Youth in Crisis

Youth are often the victims of crisis events. But they are also key to reconstruction, peace-building, and the long-term development of society.

Biological factors, life events, and unhealthy coping skills can contribute to the mental health challenges faced by teenagers. It’s important to watch for signs that a teen is in crisis.

What is a Crisis?

A crisis is a situation that is life-threatening or requires immediate attention, such as a severe emotional disturbance, suicide attempt, a runaway child, domestic violence, accidental injury or a medical emergency. People’s reactions to these types of events and situations are very different. They may depend on their unique biographical experiences and their ego strengths.

A variety of stressors can cause or exacerbate mental health crises, from structural racism and racial justice reckoning to pandemic isolation. Other concerns can include hunger, a lack of housing and job loss. A 2021 report by the CDC indicated that 45% of high school students reported feeling sad or hopeless for two weeks or more, and that girls and LGBTQ youth were more likely to have these feelings. They also were more likely to have thoughts of or attempts at suicide. These concerns are all part of a mental health crisis among youth. This crisis is the focus of much concern by many individuals, organizations and community groups, including JCCA.

Identifying a Youth in a Crisis

Adolescents often need specialized behavioral health services to manage their crises effectively. Therapists can provide adolescents with a safe, supportive environment to discuss their problems and learn positive coping skills that can help them cope in healthy ways.

Biological factors, like hormone changes during adolescence, can also contribute to mental health issues in teens. Social stigma and a lack of support can also increase the risk of teen crisis, especially for marginalized youths such as BIPOC and LGBTQ+ teens.

Home-based crisis intervention programs are an alternative to hospitalization for children and adolescents experiencing severe emotional distress. This model provides intensive in-home care over four to six weeks and is typically referred by emergency rooms, school professionals or community organizations.

Identifying a Family in a Crisis

Family crises are usually triggered by an event or situation that disrupts the family’s goals, security or emotional ties. The death of a family member, financial difficulties, violent confrontations between parents and divorce are all examples of crises that can lead to family disintegration. Crises can also be caused by a sudden or chronic loss of family resources, such as the repossession of a home, eviction from a rent house or the failure to meet basic family expenses.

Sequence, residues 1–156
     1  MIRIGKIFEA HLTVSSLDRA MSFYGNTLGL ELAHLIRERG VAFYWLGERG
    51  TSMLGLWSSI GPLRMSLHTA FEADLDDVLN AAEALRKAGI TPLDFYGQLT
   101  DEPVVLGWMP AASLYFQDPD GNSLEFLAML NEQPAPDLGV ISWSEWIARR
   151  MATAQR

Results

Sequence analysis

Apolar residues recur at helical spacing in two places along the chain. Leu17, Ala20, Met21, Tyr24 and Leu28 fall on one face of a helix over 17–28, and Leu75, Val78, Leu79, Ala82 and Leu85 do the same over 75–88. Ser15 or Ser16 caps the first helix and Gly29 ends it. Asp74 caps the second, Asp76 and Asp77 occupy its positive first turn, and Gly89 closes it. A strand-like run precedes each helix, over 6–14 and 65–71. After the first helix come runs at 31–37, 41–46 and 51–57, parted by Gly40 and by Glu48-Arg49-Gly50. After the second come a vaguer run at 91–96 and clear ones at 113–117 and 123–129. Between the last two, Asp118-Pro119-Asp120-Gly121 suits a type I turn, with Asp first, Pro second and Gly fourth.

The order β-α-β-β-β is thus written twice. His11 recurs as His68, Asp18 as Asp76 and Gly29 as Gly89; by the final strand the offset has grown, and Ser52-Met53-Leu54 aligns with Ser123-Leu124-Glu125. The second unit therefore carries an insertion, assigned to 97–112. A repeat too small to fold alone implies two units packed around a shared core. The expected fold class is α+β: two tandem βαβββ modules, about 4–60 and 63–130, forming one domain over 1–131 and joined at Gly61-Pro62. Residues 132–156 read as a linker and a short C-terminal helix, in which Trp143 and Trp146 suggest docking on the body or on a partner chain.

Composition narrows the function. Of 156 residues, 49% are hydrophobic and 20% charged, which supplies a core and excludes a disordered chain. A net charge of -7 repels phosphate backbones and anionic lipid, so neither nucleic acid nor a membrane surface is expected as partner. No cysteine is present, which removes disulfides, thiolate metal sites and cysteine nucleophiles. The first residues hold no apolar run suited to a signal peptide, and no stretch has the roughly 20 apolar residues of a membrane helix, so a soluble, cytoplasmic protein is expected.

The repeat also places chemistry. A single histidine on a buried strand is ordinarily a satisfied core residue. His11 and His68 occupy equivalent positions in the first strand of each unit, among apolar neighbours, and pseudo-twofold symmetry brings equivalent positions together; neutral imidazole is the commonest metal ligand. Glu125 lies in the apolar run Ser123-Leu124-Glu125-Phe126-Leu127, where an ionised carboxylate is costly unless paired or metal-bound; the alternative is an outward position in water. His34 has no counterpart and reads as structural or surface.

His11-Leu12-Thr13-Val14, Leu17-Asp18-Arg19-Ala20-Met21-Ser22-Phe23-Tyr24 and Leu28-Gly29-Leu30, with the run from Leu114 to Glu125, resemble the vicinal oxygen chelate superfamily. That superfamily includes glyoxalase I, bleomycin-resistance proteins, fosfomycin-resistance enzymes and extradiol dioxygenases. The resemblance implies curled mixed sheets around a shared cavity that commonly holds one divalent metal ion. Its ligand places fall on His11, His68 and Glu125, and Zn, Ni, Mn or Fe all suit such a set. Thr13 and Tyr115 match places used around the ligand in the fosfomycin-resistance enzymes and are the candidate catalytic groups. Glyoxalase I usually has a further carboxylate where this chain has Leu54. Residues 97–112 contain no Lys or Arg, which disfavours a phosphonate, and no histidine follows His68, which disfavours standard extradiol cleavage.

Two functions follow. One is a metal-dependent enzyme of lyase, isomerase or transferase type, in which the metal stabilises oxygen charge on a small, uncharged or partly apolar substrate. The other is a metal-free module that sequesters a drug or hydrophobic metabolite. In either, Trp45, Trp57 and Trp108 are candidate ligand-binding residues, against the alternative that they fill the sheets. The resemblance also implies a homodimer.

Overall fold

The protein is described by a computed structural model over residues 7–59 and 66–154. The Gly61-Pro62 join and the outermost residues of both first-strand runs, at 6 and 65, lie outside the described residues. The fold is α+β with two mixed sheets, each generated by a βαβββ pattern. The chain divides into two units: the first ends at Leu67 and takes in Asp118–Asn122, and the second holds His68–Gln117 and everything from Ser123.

Other factors that can trigger a crisis include:

Previous studies have shown that family crisis is associated with negative youth development outcomes. The current study added to this knowledge base by examining the relationship between family crisis, perceived poor parental supervision and joint family activities in adolescents. Results revealed that the association between family crisis and PYD is indirect. Adolescents that experience a family crisis have less parental supervision, leading to them being out of the house more and engaging in unsupervised leisure activities with friends.

Providing Support to a Youth in a Crisis

Youth in crisis often need to feel empowered and supported. They also need to understand that they can seek help for difficult emotions like depression and anxiety. This can be done by identifying the underlying cause of their feelings, practicing ways to manage their emotions, connecting with peers and supportive adults, being mindful of their use of social media and technology, and learning to recognize and ask for help.

It is important for staff at crisis centers to be trauma-informed. They should always listen with empathy, be mindful of non-verbal communication, and provide personalized care. This can be done by interviewing the youth and their family/caregivers separately, creating safety plans, submitting referrals for step-down care, holding family therapy sessions, and more.

Communities must work to promote mental health for all youth, including those at highest risk. For example, community members should support programs that encourage teens to play outdoors, practice relaxation techniques, and connect with their peers. They can also work to address structural factors that can contribute to mental health challenges such as poverty and racism.